- 1. Why it works
- 2. Help for the axis rotationally challenged
- 3. Don’t think of the ball as a sphere
- 4. Does your hand have a brain?
- 5. Why most bowlers fail
- 6. Try different balls and different surfaces
Note: This article is only available to Bowling This Month subscribers.
In part one, I shared with you the importance of matching up to the oil pattern by changing ball roll. If you didn’t read part one, please stop right now and go read it. Perhaps the greatest beauty of BTM going digital is that you really can stop right now and go read part one without digging through all the magazines in your closet. Go ahead and read it. We’ll wait right here.
I made the case in part one about why it’s important to be able to go around the ball (increase axis rotation) at the release in order to match up on many lane conditions. For years now, coaches have been preaching to bowlers to work the inside of the ball and to stay behind it. It’s pretty much all you hear…except from me. While I have managed to convince a lot of players about the value of going around the ball when needed, I was alarmed at the number of bowlers who can’t do it no matter how hard they try.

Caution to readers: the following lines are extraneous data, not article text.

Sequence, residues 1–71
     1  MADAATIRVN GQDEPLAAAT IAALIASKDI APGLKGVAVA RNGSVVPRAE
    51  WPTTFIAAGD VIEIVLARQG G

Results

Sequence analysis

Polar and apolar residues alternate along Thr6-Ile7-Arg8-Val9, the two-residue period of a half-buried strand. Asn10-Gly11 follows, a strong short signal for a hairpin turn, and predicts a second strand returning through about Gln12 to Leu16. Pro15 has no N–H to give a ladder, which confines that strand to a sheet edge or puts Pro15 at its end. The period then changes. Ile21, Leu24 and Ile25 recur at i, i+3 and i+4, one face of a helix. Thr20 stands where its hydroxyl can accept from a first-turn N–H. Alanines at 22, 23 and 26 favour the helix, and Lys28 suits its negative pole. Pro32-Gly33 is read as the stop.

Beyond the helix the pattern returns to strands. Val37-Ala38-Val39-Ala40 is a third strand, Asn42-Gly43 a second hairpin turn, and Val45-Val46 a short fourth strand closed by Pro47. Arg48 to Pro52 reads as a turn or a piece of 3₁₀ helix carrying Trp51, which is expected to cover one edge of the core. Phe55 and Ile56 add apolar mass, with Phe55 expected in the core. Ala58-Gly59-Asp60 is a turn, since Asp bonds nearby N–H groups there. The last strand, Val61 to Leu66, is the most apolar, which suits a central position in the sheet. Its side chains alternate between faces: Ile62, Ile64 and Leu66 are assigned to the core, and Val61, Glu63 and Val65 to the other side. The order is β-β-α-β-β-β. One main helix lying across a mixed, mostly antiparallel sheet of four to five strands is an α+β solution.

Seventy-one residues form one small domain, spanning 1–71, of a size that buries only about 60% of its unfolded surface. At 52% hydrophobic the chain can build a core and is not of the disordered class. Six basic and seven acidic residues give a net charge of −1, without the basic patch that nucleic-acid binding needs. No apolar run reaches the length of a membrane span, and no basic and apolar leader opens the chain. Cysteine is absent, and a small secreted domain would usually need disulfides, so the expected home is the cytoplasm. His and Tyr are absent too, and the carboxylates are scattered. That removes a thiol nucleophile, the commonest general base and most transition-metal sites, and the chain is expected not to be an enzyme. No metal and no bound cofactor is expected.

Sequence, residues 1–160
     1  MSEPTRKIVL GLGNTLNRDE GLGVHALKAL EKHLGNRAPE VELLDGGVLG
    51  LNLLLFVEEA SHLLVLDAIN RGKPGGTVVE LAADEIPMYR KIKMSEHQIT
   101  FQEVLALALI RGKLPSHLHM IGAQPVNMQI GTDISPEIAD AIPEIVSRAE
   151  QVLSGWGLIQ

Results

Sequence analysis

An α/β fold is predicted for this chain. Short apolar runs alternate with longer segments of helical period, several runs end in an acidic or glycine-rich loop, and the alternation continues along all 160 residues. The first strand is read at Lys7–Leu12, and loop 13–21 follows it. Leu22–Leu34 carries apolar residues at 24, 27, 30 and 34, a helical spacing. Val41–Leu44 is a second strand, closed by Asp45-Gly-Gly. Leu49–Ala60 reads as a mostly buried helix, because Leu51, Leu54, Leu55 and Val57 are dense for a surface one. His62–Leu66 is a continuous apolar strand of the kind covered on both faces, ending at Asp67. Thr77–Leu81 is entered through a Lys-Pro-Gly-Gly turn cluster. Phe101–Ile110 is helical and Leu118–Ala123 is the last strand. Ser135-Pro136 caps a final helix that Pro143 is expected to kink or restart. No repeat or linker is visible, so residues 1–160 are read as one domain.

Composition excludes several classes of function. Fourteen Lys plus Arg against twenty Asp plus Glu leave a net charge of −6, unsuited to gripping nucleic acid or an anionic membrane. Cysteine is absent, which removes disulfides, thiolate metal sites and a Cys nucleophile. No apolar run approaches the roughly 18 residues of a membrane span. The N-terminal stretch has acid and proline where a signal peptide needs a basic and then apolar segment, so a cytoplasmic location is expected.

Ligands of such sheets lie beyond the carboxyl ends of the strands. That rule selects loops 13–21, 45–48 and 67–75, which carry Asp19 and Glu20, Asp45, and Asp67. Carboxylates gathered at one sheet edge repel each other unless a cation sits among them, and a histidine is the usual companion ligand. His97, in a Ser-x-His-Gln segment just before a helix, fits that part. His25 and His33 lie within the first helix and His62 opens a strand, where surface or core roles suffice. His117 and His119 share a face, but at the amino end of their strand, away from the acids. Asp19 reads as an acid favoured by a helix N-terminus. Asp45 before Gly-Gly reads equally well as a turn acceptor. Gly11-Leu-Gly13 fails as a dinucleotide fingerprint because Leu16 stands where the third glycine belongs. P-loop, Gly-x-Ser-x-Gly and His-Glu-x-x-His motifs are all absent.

Let’s say you are in a tournament and you are stringing lots of strikes throwing your usual 45 degrees of axis rotation. In game three, the ball keeps trying to hook at your toe even though you keep moving deeper, chasing the oil. All of the sudden you have no area at your breakpoint. The ball either goes out too far, causing you to miss the headpin right, or it checks up early and punches the clown in the nose ...
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